Reports tonight are that the administration won’t immediately take the executive order case to the Supreme Court and it may re-write the order. I’m with those, including Charles Krauthammer as related in the post below, who think this makes a lot of sense.
Consider the the current state of play: Unless the administration has some clever stratagem that pulls a legal rabbit out of a hat, it’s hard to see how the travel ban hasn’t already been effectively defeated. With every day that passes with the ban suspended, the case for its rapid imposition (stopping dangerous people from flowing here) as well as its overall rationale (to allow for a pause while better procedures are established) gets weaker. Any radical who was on the verge of coming here prior to the ban is presumably on his way now, and there’s nothing stopping the administration from setting up tighter procedures while the executive order case is proceeding, which makes the argument for re-imposing the ban at some later date if the case is somehow decided in the administration’s favor more tenuous.
The backdrop here is what appears to be a legal box canyon. If the administration did take its argument up to the Supreme Court, it seems likely that it would lose, assuming that the Court even takes the case now (it might very well pass, letting the inevitable preliminary injunction that will come from Judge Robart and the 9th Circuit play itself out). Maybe the administration can delay, waiting for Judge Gorsuch to get confirmed, but even with him on the Court, victory is not assured.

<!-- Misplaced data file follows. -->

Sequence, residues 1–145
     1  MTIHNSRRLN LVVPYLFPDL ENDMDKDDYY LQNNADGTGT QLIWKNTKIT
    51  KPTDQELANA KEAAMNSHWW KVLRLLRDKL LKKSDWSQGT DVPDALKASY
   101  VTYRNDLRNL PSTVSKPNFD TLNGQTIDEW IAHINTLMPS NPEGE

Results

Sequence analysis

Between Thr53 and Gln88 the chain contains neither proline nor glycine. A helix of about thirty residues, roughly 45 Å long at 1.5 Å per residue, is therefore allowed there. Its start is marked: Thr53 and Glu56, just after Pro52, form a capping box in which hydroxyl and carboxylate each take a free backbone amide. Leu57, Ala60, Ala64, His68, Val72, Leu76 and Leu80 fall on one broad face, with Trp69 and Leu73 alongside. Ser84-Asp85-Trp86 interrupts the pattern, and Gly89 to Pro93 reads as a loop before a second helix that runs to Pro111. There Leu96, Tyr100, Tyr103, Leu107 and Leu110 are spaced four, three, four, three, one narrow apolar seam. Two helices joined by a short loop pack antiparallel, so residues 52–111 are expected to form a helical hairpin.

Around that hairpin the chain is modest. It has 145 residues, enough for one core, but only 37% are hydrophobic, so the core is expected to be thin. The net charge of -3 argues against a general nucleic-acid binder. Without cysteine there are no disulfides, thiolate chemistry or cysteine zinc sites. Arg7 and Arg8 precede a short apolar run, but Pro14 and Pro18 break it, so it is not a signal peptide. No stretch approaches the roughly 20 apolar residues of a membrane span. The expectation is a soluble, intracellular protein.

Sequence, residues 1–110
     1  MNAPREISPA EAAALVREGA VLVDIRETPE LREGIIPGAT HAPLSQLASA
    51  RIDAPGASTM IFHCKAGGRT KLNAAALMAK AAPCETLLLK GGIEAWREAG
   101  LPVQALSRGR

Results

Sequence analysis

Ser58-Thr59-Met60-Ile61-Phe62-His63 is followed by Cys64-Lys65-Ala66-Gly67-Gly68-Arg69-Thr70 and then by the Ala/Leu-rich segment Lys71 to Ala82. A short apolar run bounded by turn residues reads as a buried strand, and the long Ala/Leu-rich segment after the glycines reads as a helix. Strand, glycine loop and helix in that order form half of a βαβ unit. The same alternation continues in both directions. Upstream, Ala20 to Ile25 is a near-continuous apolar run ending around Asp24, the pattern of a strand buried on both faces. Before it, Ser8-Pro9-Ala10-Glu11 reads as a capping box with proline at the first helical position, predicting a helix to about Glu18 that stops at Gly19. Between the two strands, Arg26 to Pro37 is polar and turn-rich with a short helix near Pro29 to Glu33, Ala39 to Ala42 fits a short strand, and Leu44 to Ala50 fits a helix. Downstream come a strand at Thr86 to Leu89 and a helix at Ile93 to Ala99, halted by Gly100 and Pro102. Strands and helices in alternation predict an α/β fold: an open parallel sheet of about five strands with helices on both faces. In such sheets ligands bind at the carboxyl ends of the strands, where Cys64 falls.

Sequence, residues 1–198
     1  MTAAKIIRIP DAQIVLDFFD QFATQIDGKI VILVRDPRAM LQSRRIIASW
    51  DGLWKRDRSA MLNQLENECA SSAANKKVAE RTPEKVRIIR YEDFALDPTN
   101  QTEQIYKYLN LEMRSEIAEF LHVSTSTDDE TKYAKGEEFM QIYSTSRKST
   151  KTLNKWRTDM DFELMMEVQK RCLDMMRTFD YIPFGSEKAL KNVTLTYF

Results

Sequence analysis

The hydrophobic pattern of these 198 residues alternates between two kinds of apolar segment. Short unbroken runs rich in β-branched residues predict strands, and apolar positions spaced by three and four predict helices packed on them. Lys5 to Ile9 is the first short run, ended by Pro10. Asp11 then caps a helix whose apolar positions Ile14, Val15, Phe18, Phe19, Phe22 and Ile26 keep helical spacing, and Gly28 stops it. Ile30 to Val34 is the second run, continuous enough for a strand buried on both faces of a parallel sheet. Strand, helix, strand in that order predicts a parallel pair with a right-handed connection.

The administration, though, has the unilateral power to re-shape the debate and moot the current proceedings. It could re-fashion the executive order by, say, removing the issue with lawful permanent residents and giving up on the temporary ban, while focusing on stricter vetting through visa issuance procedures at the embassies and via secondary screenings at the airports. This wouldn’t make the legal attacks go away. But it would shift the terrain in the administration’s favor at the same time it wouldn’t give up the core of the policy, as Krauthammer persuasively argues. Remember: the temporary ban is not supposed to be about the temporary ban, but about providing a bridge to stricter vetting.
An opponent of giving any ground whatsoever might say there is an important principle at stake here about an over-reaching judiciary, and of course there is. But that makes it all the more important to fight shrewdly, and the current path seems likely to provide the occasion for very bad law that is a enormous victory for the Left on immigration going forward (just read the 9th circuit ruling for the worst case). So, there is a good argument that the best tack isn’t SEE YOU IN COURT, but SEE MY NEW EXECUTIVE ORDER.